Have Fun Learning English
British culture, British Customs and British Traditions
With dictionary look up. Double click on any word for its definition.
This section is in advanced English and is only intended to be a guide, not to be taken too seriously!
Christmas puddings (aka. plum/figgy pudding) are a very rich, dark pudding made with all sorts of dried fruits, nuts, spices, black treacle and lotsof sherry or brandy. They are made well before Christmas as it takes time for the alcohol to soak into the dried fruit. They are steamed when first made, and re-steamed on Christmas Day before being served with a sweet white sauce or brandy butter. If the pudding is made at home, everyone in the household must take it in turns to stir the pudding and make a wish. Some people say that the mixture should be stirred from east to west, in honour of the three wise men.
Many households have their own recipe for Christmas pudding (see below); those that command the most pride have been handed down the family for generations. Essentially the recipe brings together what traditionally were expensive or luxurious ingredients - notably the sweet spices that are so important in developing its distinctive rich aroma. They are a round shape because they were traditionally boiled in a pudding cloth, and that's how we expect them to be, but at least since the beginning of the twentieth century they have usually been prepared in basins.
The forerunner of the Christmas pudding, a rich fruit pudding, was called Frumenty, was served in medieval times. Frumenty was a spiced porridge, enjoyed by both rich and poor. It has its origins in a Celtic legend of harvest god, Dagda, who stirred a porridge made up of all the good things of the earth, and served during the winter months. The pudding became specifically associated with Christmas, rather than merely any festive occasion, when it was introduced to the Royal Christmas dinner table by Prince Albert.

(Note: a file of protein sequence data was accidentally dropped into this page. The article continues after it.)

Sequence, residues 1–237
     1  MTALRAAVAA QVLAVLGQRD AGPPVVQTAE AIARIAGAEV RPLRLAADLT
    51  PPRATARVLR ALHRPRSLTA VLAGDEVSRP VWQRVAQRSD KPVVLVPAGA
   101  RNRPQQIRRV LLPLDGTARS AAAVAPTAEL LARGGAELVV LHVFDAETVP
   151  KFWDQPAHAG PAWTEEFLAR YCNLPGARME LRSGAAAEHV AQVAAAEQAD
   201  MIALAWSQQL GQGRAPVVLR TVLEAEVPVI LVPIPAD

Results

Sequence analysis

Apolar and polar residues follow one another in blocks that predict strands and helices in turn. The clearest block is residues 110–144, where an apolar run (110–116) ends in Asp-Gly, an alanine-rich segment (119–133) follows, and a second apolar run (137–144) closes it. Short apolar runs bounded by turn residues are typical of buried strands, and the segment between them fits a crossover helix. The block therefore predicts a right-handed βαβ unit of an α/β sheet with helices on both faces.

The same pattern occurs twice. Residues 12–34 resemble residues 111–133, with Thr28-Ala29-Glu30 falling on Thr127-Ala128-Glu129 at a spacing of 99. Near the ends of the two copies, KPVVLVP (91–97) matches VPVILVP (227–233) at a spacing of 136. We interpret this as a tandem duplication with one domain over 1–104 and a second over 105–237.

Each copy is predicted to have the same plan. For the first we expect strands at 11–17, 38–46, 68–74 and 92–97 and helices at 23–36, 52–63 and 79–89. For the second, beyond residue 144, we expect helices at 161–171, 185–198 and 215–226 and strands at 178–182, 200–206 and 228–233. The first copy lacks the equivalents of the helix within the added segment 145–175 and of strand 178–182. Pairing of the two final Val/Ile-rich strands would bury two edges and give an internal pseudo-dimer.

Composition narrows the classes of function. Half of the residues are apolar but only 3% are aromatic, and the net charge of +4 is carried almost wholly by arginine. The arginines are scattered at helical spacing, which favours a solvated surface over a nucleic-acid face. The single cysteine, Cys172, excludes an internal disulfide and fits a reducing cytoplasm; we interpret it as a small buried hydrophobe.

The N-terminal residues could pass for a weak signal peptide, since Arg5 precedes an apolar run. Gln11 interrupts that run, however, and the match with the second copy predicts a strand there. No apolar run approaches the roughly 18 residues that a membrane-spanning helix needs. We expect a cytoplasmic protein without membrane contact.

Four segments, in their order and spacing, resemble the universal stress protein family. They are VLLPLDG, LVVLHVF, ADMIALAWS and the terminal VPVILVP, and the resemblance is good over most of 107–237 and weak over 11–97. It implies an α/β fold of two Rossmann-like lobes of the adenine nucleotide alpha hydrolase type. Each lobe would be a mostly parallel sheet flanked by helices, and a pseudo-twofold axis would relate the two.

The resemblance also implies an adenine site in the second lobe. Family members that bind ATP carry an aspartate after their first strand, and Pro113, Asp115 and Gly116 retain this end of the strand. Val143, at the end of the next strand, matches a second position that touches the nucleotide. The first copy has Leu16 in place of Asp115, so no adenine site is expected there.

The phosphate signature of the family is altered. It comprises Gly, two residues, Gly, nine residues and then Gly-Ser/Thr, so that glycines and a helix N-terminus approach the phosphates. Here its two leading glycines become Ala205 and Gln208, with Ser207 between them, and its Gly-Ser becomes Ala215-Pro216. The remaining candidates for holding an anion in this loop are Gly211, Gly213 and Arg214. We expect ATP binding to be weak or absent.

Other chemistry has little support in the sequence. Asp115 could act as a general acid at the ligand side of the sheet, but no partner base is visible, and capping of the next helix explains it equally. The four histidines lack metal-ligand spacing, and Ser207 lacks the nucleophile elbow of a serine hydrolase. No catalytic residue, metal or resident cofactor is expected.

Initial cooking was usually done on Stir-up Sunday, and it involves steaming for many hours (the period can be shortened without loss of quality by using a pressure cooker). To serve, the pudding is reheated by steaming once more, (shop bought puddings can often be heated in the microwave) and dressed with warm brandy which is carefully set alight. The pudding is traditionally topped off with a sprig of holly.
"Stir-up Sunday" is the Sunday before Advent or or the twenty-fifth Sunday after Trinity, and occurs some time in late November, four to five weeks before Christmas. The Collect (or prayer) for that Sunday is in the Book of Common Prayer of the Church of England, it was used from the sixteenth century (and still is in more traditional churches):
"Stir up, we beseech thee, O Lord, the wills of thy faithful people; that they, plenteously bringing forth the fruit of good works, may by thee be plenteously rewarded; through Jesus Christ our Lord. Amen"
When they get home from church, everyone in the household, or at least every child, gives the pudding mixture a stir, and mades a pudding wish while doing so. You mustn't tell anyone what your wish is, or it won't come true.
In spite of Health and Safety regulations, some people still like to hide a coin or trinket in the Christmas pudding. This may have originated in the ancient custom, in Rome and elsewhere, of concealing a particular object in food. During the Roman festival of Saturnalia, a dried bean would be hidden in the food. Whoever found it was then "master of the revels" - a king for the holidays. Even a slave could be the lucky one. In medieval times, a cake was eaten on Twelfth Night (January 6), during the most boisterous party of the year. The "King of the Bean" ruled the whole party. Nowadays people put in a silver coin and eat carefully. Whoever gets the piece of pudding with the coin in on Christmas day is especially lucky and that "pudding wish" which was made when the pudding was stirred, will come true!
Of course, nowadays most people buy them in the supermarket and microwave them on Christmas day, and supermarkets daren't put any foreign bodies into the mix, so you're not likely to find a silver sixpence in a shop bought pud.
Every year there's a Christmas pudding race held in London to raise money for Cancer Research. The contestants have to carry a pudding round an obstacle course. (Watch the video if you don't believe me!)